Saturday, 7 December 2013

Explorations around West Falkland - Melina & Frithjof

We are writing these lines on the ferry from Port Howard (West Falkland) to New Haven (East Falkland), after 5 days of explorations of the coastline of West Falkland. This large island, 2nd largest of the Falklands archipelago, is home to around 200 people, with huge swathes of wild land, some of it used for sheep farming.

The weather was not always (actually, for most of the time not) favourable, with heavy rain, snow on top of the hills and strong, ice-cold winds, making our diving and snorkelling excursions difficult and in many occasions physically very challenging. Surface and underwater currents, along with poor visibility at several dive sites, made our collections of seaweeds not an easy feat. Despite all these, we have managed to successfully collect at least 50 samples and specimens, and we hope that new discoveries will be among them.

Among the highlights are the first record of the oomycete pathogen Anisolpidium ectocarpii (affecting filamentous brown algae) from the Southern Ocean (and only the 2nd from the southern hemisphere, after our earlier finding of this bug near Puerto Montt, Chile, in 2007), and a recollection of the enigmatic Cladochroa chnoosporiformis from Port Philomel. We also collected numerous samples of the filamentous brown alga Pylaiella for a population genetic study of our collaborator Christophe Destombe in Roscoff. Among our magic moments in West Falkland was an encounter with a large pod of Comerson’s dolphins shortly before our arrival, and with 2 king penguins on the beach of South Harbour, just as we had gotten out of the water after our dive there.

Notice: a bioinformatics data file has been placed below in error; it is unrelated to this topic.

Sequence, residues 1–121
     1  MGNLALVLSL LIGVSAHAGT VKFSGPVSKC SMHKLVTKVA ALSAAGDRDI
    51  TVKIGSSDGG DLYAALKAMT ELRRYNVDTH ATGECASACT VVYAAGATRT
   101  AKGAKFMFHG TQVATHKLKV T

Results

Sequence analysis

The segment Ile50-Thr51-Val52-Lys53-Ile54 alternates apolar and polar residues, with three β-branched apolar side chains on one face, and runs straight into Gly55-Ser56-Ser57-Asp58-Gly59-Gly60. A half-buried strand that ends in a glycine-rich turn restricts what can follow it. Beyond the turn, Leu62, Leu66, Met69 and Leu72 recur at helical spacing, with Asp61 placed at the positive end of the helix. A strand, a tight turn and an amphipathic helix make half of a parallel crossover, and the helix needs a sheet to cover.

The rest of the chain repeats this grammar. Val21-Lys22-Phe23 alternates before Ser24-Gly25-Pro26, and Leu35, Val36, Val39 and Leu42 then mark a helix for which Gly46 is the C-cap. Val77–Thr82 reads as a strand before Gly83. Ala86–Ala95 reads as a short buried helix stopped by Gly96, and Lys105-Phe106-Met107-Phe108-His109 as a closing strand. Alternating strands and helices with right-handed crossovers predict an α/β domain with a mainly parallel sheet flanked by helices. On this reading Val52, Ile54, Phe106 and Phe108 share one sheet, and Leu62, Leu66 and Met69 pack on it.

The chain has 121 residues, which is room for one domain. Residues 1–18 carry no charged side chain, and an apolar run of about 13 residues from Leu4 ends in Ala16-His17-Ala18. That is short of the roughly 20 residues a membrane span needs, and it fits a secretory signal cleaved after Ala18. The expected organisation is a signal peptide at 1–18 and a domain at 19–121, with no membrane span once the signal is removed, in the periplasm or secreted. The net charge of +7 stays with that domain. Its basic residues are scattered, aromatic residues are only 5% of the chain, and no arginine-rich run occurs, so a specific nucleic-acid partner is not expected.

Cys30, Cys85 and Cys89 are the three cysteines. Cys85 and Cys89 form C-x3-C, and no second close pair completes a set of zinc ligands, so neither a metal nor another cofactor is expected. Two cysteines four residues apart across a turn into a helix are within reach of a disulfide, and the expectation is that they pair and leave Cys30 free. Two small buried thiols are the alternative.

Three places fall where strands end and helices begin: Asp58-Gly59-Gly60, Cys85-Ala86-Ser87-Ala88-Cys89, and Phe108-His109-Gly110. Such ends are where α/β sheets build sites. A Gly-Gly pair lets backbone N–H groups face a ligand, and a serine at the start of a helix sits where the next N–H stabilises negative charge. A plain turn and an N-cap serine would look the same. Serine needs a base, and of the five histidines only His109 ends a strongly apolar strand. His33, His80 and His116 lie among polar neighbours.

We had a beautiful home in Port Howard on the island’s eastern side, a self-catering, traditional Falkland Island-style house (a wooden structure inside, metal-clad outside). From there, we undertook daily excursions to various sampling sites around West Falkland – to South Harbour and Port Stephens on the first day, then to the Hill Cove and Shallow Bay area in the north, then a whole day in the western Port Philomel area, and finally a day on the south shore of Christmas Harbour (opposite the Sheffield settlement). We had a very challenging night dive in the harbour of Port Howard – very poor visibility, waves and currents in icy waters.

Despite all the hardships, we had an incredible and productive trip to West Falkland, making new friends with the amazing local people, that they even invited us to their homes for a cup of tea, especially after our cold  dives.

 Pieter van West entering the water at Port Philomel

 In our improvised lab in Port Howard

Early summer in West Falkland!

Comerson's dolphins seen from the ferry close to Port Howard

Frithjof Kuepper diving in the Macrocystis forest

Alexandra Mystikou  diving in the Macrocystis forest

Melina Marcou diving in the Macrocystis forest

Our encounter with king penguins after our dive at South Harbour

 Melina and Frithjof with the king penguins at South Harbour

A memorable encounter: Our group with Brian Jamieson, owner of the farm at South Harbour

 Melina and Pieter sampling fresh water for isolating oomycetes

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